The Case for Index Fund Investing

Indexing refers to an investment methodology that attempts to track a specific market index (either broadly or narrowly focused) as closely as possible after accounting for all expenses incurred to implement the strategy. As a result of this objective, investors should expect an index fund to underperform its targeted benchmark by the amount of its expenses. This objective differs substantially from that of traditional investment managers, whose objective is to outperform their targeted benchmark even after accounting for all expenses. Indeed, an oft-cited benefit of actively managed investments is the opportunity for outperformance.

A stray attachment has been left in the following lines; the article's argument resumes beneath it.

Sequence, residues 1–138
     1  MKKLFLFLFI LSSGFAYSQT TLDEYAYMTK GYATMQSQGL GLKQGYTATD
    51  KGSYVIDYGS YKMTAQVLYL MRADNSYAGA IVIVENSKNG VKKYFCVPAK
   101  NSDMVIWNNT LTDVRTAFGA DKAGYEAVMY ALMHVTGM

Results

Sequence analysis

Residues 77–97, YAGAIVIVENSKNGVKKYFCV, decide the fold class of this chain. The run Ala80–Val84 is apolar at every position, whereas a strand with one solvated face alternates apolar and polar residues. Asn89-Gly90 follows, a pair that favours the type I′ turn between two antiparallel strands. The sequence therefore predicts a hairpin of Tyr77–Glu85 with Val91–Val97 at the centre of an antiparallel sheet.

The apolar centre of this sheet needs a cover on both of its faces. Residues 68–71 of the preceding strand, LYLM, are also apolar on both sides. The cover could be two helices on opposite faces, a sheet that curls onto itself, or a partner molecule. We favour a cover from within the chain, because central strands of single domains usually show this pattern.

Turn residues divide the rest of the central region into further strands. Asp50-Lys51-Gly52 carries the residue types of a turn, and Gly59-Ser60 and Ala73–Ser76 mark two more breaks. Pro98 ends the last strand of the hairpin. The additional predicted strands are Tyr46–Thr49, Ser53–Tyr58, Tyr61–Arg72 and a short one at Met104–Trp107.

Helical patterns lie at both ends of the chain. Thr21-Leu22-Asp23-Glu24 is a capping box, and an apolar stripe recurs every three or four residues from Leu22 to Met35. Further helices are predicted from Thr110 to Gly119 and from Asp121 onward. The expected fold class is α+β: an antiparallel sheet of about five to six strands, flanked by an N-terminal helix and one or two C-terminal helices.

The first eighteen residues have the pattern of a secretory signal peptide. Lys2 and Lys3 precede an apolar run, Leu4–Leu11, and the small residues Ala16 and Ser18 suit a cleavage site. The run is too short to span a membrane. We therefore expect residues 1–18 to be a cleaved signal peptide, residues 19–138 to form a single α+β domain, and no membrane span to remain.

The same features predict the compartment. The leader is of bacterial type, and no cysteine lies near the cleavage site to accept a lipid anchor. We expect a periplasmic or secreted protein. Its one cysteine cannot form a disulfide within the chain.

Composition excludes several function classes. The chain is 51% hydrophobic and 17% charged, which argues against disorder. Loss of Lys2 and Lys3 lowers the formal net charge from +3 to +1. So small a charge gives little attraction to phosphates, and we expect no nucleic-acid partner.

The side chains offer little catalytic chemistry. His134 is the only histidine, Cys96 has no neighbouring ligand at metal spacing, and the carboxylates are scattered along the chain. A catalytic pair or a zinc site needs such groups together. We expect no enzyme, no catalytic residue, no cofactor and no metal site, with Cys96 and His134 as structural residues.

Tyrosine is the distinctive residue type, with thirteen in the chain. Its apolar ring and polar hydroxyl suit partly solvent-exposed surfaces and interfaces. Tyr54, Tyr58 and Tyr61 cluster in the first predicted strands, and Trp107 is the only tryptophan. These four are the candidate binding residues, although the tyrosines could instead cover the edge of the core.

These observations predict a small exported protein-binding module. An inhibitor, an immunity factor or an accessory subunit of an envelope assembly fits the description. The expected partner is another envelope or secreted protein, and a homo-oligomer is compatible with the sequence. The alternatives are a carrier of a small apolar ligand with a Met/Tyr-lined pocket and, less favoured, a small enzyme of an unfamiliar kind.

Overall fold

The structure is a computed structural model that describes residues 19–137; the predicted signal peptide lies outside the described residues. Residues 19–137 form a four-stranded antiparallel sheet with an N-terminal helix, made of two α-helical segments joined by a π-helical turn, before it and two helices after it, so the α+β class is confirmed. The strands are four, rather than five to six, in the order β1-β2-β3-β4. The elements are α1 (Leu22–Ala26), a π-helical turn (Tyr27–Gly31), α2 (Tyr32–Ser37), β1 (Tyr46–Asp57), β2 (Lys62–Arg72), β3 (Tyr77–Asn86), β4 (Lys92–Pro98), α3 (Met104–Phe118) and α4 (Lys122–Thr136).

This paper explores the theory behind indexing as an investment strategy and provides evidence to support its use in investor portfolios. To do so, we examine the performance of a range of funds available to U.S. investors. We first compare the records of actively managed funds with those of various unmanaged benchmarks. We demonstrate that,after costs: (1) the average actively managed fund has underperformed various benchmarks; (2) reported performance statistics can deteriorate markedly once “survivorship bias” is accounted for (that is, once the results of funds that were removed from the public record are included); and (3) persistence of performance among past winners is no more predictable than a flip of a coin. We then compare the performance of actively managed funds with passive— or indexed—funds. We demonstrate that low-cost index funds have displayed a greater probability of outperforming higher-cost actively managed funds, even though index funds generally underperform their targeted benchmarks. We conclude that indexing can be a viable strategy for U.S. investors across a range of asset classes and markets.

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